Better Health from ExtraCare Housing

13th September, 2011

An independent research study shows that residents moving into The ExtraCare Charitable Trust's housing schemes and villages experience a 24% reduction in social care needs within five years. The Charity's residents also reduce their risk of falling by 18% when compared with older people living in the wider community.

Nick Abbey, Chief Executive of The ExtraCare Charitable Trust

The year-long research, which comes from The International Longevity Centre (ILC-UK) and uses data from three extra-care providers, says residents are around 50% less likely to enter institutional accommodation when compared with older people living in the community who are in receipt of domiciliary care.

ILC-UK conclude that extra-care housing could play a major part in delivering better health outcomes whilst reducing the long term care costs facing older people.

Commenting on the report, Nick Abbey, Chief Executive of The ExtraCare Charitable Trust, says:

"These findings clearly demonstrate how older people's health improves when services are flexible and focused around both their aspirations and needs.

"For over 20 years, ExtraCare has sought to provide homes which are centred around safe, sociable facilities with strong community links. We consider preventative healthcare a priority and link this to our residents' wish to maintain their mobility and independence. We also seek innovative partnerships, securing funding to provide affordable mixed-tenure homes which are available to those residents with very limited means.

"The research indicates that our holistic approach reduces NHS costs, dependency on institutional care and, most importantly, provides a better quality of life for older people and their families.

"We believe policy makers should further endorse this cost-effective housing model and increase provision within the sector."

Baroness Sally Greengross, Chief Executive of ILC-UK, says: "In publishing his recent report on paying for care, Andrew Dilnot recognised the importance of extra-care housing. This new research provides further evidence that early investment in good quality housing could improve health and care outcomes and reduce costs. It is a win-win situation. We urge the Government to make specific pledges to support the development of the extra care housing as part of developing a range of housing options available to older people."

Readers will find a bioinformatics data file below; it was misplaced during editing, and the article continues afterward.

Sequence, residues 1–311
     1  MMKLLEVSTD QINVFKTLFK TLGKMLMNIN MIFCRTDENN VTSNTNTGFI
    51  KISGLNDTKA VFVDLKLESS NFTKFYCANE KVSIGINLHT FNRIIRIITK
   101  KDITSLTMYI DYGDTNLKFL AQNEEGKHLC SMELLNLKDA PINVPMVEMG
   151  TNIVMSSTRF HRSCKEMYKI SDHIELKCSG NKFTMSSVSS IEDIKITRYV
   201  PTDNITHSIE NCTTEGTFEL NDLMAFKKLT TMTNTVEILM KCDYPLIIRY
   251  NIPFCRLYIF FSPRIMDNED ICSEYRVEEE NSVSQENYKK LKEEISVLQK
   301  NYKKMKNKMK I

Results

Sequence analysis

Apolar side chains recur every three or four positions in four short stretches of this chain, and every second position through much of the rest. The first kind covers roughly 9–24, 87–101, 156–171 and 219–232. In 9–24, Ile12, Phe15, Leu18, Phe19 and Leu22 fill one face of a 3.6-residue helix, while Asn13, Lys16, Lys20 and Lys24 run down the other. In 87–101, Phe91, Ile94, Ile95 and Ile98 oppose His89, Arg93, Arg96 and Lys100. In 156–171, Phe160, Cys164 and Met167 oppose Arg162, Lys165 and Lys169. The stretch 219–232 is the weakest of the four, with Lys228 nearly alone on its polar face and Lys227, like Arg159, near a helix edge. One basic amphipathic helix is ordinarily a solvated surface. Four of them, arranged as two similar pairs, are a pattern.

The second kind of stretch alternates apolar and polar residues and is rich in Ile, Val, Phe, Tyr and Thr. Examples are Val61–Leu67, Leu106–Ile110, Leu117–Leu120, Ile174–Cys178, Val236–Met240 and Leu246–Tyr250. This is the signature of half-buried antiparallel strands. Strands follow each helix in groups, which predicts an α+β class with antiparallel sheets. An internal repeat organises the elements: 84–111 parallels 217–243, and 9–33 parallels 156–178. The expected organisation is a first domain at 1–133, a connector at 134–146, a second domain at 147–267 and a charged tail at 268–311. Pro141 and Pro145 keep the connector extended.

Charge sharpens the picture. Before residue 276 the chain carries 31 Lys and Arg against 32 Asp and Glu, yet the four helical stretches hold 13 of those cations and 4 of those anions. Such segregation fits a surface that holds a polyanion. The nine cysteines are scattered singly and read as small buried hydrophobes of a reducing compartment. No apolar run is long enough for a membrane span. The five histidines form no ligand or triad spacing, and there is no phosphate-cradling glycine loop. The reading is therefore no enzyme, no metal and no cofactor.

Download the Executive Summary or full report here.

Picture: Nick Abbey, Chief Executive of The ExtraCare Charitable Trust, says: "We consider preventative healthcare a priority and link this to our residents' wish to maintain their mobility and independence."

  • Extra-care housing represents an integrated model of housing and flexible social care support that potentially holds fiscal and wider benefits for older people and the state.
  • Over the last year, ILC-UK has been undertaking a major piece of research into the benefits of extra-care housing by examining resident outcomes.
  • Using longitudinal data from three providers, Audley Retirement, The ExtraCare Charitable Trust, and Retirement Security Limited, with additional funding provided from Housing Learning and Improvement Network, the ILC-UK has undertaken a major review which explores the characteristics of residents, the notion of extra-care housing as a home for life, the health outcomes of residents, and patterns of health service usage of residents.
  • The ILC-UK has also explored the costs and benefits associated with our findings. This new research also explores how the outcomes of residents in extra-care could differ from the outcomes of older people living in the community in receipt of domiciliary care.
  • The International Longevity Centre-UK is the leading think-tank on longevity and demographic change. It is an independent, non-partisan think-tank dedicated to addressing issues of longevity, ageing and population change. We develop ideas, undertake research and create a forum for debate.
  • The ExtraCare Charitable Trust enables over 3,500 older people to enjoy a healthier, active and more independent lifestyle in a network of inspirational communities.  The Charity operates 11 retirement villages and 18 smaller housing developments across the Midlands and the Northwest.  A £200m programme to develop five villages in Birmingham is underway, for completion by 2016.

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